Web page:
This post highlights key takeaways from WordPress VIP CEO Nick Gernert’s talk at WordCamp US in St. Louis on November 1, 2019.
Right now, the opportunity at the high end of the market is as big–if not bigger–than any other opportunity for WordPress. Depending on which reports you read, we’re competing in a $10B market that’s growing 18% annually.
However, there’s a disconnect between the demonstrated success of WordPress in the enterprise, and the market’s perception of its capabilities. So let’s celebrate what has already been accomplished in enterprise WordPress, and consider how we can realize the full potential of WordPress for these complex customers into the future.
The unique needs of enterprise users
For me, enterprise needs fall into 4 core areas: agility, ownership, flexibility, and simplicity.
Agility is the single largest competitive advantage WordPress sees over other platforms. As pressure to deliver increases within organizations, the agility of the tools required to do the job becomes even more important.
Case study: Capgemini
VIP and Human Made’s work with Capgemini, the global technology consultancy, demonstrates this perfectly. Capgemini suffered many chokepoints with their previous platform: small changes required days of lead time, a handful of people in an organization of 200K understood how the platform worked, and people were spinning up their own platforms, which created a governance nightmare.
As pressure to deliver increases within organizations, the agility of the tools required to do the job becomes even more important.
By migrating to WordPress, Capgemini eliminated licensing worries and gained access to thousands of pre-built integrations. Removing their bottlenecks helped Capgemini increase productivity and improve results. In specific terms, 1400 users across 38 sites in 10 different languages are now contributing to 20K+ pages. That agility truly differentiates the platform from other solutions.
Ownership means many things in the enterprise: Ownership of product. Of customer journeys, of data, of future business needs. In an enterprise context, most software comes from closed, opaque systems commonly associated with strict vendor lock-in. With content sitting at the core of so many customer experiences, ownership (and also transparency) are critical to long term success.
The flexibility inherent to WordPress is what has allowed it to see its 16th birthday and will enable it to see many many more. If enterprises want decoupled architectures today, we can do that. We can also say with confidence that the platform will evolve to serve their future product roadmap, thanks to the inherent flexibility of the platform.
This flexibility is what empowers WordPress to serve both the monolithic model of delivering web pages, but also COPE (Create Once, Publish Everywhere) approaches to content, which rely upon API-driven applications serving components.
The new block editor has been the single-most exciting development since the custom post type and this is validated in the response we’re seeing from enterprises.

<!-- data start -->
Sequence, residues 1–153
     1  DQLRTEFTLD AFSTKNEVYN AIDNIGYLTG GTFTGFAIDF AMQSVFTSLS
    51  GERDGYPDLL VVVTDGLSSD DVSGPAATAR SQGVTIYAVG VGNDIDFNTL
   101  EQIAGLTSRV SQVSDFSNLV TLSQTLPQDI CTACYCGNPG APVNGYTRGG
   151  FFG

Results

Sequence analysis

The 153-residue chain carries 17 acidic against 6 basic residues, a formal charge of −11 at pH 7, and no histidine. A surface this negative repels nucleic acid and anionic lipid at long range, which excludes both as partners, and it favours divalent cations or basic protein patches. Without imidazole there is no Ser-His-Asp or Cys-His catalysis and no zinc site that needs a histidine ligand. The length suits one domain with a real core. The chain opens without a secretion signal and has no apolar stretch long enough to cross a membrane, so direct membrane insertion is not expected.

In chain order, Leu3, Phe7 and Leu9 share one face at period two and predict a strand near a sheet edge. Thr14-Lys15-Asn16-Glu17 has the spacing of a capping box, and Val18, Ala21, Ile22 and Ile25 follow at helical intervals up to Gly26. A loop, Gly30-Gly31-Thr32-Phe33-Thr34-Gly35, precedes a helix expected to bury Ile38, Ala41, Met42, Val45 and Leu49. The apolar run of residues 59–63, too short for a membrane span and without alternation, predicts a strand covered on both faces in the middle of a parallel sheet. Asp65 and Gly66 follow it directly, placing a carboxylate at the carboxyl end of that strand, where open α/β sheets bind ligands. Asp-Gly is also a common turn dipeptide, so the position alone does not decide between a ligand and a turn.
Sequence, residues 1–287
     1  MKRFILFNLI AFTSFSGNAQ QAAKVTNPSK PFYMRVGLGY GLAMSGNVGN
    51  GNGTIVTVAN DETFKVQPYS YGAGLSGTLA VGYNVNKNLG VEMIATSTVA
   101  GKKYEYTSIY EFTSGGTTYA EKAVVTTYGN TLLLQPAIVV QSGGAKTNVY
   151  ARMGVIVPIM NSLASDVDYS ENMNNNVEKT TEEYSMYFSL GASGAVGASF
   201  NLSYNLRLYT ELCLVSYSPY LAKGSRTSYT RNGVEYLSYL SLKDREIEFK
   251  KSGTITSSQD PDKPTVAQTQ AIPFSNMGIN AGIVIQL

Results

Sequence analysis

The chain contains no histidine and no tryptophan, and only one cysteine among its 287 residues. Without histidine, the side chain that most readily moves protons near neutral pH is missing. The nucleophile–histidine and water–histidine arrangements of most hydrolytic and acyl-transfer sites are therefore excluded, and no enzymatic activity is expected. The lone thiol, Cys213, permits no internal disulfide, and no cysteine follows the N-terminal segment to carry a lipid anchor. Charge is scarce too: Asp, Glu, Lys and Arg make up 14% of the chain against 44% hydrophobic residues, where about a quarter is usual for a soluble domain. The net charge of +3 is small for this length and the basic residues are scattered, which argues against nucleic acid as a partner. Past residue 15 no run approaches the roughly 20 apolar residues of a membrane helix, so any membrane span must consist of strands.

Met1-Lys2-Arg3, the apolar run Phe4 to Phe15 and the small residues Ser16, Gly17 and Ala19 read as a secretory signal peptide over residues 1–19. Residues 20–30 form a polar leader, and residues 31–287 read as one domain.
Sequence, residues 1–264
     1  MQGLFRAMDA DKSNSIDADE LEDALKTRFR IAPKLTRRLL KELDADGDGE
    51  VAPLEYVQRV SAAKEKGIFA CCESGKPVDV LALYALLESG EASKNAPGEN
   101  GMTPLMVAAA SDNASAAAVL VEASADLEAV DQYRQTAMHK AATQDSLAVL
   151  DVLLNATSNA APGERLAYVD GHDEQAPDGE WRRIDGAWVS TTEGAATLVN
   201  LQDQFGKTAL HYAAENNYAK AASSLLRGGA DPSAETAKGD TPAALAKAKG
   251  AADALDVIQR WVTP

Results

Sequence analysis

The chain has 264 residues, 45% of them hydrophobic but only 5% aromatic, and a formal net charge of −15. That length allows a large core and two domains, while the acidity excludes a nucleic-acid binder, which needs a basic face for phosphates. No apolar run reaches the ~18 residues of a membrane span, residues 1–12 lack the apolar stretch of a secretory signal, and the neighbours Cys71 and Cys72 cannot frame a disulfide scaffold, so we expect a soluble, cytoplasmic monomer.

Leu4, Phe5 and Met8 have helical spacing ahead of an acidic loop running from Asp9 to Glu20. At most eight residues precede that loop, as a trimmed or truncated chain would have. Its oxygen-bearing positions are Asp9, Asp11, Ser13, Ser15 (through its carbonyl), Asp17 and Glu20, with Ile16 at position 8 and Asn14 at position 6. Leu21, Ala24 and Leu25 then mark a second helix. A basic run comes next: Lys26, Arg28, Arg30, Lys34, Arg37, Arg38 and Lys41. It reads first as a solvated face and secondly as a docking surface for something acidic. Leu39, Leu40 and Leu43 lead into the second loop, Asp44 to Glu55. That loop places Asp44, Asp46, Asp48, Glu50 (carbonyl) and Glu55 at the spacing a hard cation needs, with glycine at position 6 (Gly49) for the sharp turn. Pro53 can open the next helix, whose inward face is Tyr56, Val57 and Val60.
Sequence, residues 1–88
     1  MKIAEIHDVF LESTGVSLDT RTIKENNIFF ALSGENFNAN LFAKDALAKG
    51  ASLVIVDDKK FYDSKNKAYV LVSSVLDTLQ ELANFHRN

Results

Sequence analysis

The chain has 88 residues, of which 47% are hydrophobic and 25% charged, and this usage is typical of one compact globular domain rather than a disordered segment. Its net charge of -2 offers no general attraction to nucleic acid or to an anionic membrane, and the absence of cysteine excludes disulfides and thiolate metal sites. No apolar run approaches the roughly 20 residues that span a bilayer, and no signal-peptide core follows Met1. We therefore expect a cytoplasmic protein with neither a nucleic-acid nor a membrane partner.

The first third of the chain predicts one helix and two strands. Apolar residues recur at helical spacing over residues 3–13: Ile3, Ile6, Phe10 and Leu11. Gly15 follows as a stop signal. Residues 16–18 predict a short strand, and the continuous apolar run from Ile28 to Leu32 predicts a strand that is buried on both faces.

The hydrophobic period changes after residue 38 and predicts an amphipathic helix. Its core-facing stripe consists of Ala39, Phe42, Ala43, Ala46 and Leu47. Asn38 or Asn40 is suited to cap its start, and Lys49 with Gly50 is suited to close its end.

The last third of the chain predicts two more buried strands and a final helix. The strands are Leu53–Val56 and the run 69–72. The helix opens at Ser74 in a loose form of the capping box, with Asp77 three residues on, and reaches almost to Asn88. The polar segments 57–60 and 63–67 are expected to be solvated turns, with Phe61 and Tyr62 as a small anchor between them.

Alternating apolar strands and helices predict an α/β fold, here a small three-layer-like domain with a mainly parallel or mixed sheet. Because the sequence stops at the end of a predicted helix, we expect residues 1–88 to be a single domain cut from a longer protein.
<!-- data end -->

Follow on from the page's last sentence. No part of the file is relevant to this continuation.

Case study: News Corp
WordPress forms the core of News Corp’s global publishing operation. There are some really interesting ways Big Bite is working with News Corp to tailor the block editor to their needs, for publishing workflows and ultimately site management.
The new block editor has been the single-most exciting development for me since the custom post type and this is validated in the response we’re seeing from enterprises. Layering onto that the future promise of full site management only continues to make things more interesting.
WordPress makes the complex simple. In fact, WordPress’s success in the enterprise to date is rooted in the fact that it’s not enterprise software. It’s the software people used because it made them better at their job.
The UI of WordPress is one of the most tested anywhere in software. There are readymade models for those extending WordPress, so organizations spend more time solving business challenges and less time refining UIs. As with Capgemini, the more accessible things are, the more folks will actually use the software and spend their time driving results.
Case study: Hachette Book Group
It’s simplicity that allows Hachette Book Group to empower marketing teams across their organization. They use WordPress to manage a site with thousands of titles, authors, and imprints. That’s in addition to a catalog of books that grows by 1,700 or so each year. Choosing WordPress has allowed their digital teams to focus less on marketing activities and more on analysis and optimization. Folks at Alley were critical to simplifying their processes and integrating other external systems into the rollout.
Paving the way for continued growth
When the web changes, it starts with WordPress. If you want to influence adoption, you do it with the platform that powers over one-third of the web. Digging deeper, the sustainability of WordPress’s current success in the enterprise, and the potential of future growth, is rooted in two core concepts:
- We must always keep in mind the experience of the user. The user-centric nature of WordPress and this community is exactly what has carried it to the usage we see today. It is our greatest asset when advocating for the potential of WordPress with the world’s most demanding users.
- We must demonstrate empathy for our user’s customer. If we demonstrate WordPress also understands what the success of that user’s customers looks like, we will ensure enterprise adoption of WordPress continues to grow.
The ubiquity, agility, ownership, flexibility, and simplicity inherent to WordPress is powerful to the large organizations that rely on this platform. I couldn’t be more excited about what the future holds for these forward-thinking applications of enterprise WordPress.